Europe's largest IT fair saw an almost 20 percent drop in visitors this year but those that did turn up to the six-day event in Hanover were on average a higher quality of attendee than in the past, organisers said on Sunday.
Cebit ran from Tuesday to Sunday and attracted more than 400,000 visitors, Deutsche Messe said in a statement. In total 4,300 companies from 69 countries exhibited though the vast fairgrounds in Hanover hawking products as diverse as mobile-phone voice scramblers, enterprise management software, computer motherboards and solar energy systems.
The show got off to a strong start in the local media spotlight thanks to the visit of California governor Arnold Schwarzenegger, who was there to promote IT ventures from his state. California was the partner state of Cebit this year.
But later in the week there were none of the big announcements typical of Cebit in the past. In part that's due to the lack of big-name electronics companies, many of which have decamped to the IFA trade show in Berlin, and mobile phone makers, which announced their new products at the recent Mobile World Congress event, but it may also be a sign of the current economic times or product cycles. Even Intel, a long-time Cebit exhibitor, had little new to show this year.
The drop comes as little surprise considering the current state of the global economy. Many companies have cut back or eliminated travel budgets and Cebit itself saw around 1,000 mostly Asian exhibitors cancel during the last three months of 2008 after economic problems hit.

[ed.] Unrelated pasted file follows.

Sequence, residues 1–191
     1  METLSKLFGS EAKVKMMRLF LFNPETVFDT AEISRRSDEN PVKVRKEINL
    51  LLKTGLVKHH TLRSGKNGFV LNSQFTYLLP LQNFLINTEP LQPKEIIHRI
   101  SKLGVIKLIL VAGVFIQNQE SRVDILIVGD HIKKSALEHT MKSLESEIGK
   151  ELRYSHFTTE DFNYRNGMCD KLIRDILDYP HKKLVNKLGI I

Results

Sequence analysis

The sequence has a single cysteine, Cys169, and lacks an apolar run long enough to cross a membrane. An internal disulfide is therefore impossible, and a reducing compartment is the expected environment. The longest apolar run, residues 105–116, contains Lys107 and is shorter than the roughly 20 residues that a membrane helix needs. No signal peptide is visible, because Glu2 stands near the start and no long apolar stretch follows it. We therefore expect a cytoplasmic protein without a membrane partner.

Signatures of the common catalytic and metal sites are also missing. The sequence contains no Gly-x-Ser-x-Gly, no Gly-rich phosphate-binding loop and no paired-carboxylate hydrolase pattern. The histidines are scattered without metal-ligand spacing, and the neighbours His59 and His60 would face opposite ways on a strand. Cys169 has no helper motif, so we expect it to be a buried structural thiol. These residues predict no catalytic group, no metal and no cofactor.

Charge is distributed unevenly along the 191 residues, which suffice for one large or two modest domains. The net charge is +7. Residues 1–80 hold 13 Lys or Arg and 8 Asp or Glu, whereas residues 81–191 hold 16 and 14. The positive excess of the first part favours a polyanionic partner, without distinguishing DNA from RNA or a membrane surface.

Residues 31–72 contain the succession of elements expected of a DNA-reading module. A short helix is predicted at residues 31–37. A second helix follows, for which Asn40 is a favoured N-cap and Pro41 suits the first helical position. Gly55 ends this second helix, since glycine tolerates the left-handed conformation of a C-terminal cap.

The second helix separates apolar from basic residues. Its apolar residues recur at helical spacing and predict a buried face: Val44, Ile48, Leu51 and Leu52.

In terms of geographical mix the number of international attendees held roughly firm at about 20 percent with the drop in Asian visitors made up for by those from the Americas and Middle East, Deutsche Messe said.
Cebit 2010 will run from March 2 to 6, which is one day shorter than this year's fair. The event will end on Saturday so that exhibitors have a chance to get back home before the new work week begins - a request made to organisers by many at the show, they said.
With the drop Deutsche Messe now needs to convince exhibitors and visitors that it isn't a sign the event is no longer worth attending - a problem it faced at the midway point when it typically discloses visitor numbers for the first few days of the event.
This year the company broke with tradition and declined to provide any visitor numbers. The organisers feared headlines about weak attendance would cause some to cancel their trips to the fair and thus push numbers down further, they said.
What organisers have seized on to is that companies might be sending fewer staff to Cebit but those that attend are a higher quality. The event is seeing more senior-level staff than in previous years, said Deutsche Messe. But the organizer didn't provide any data to quantify that claim.